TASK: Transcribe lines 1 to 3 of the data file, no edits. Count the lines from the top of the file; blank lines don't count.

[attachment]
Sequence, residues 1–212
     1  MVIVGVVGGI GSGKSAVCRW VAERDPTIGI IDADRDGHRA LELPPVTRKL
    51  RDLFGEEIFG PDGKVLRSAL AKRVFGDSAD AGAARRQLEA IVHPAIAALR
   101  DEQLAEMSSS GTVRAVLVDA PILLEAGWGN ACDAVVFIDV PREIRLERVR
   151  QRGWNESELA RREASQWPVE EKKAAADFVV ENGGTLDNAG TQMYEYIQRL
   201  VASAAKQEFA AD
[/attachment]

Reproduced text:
Sequence, residues 1–212
     1  MVIVGVVGGI GSGKSAVCRW VAERDPTIGI IDADRDGHRA LELPPVTRKL
    51  RDLFGEEIFG PDGKVLRSAL AKRVFGDSAD AGAARRQLEA IVHPAIAALR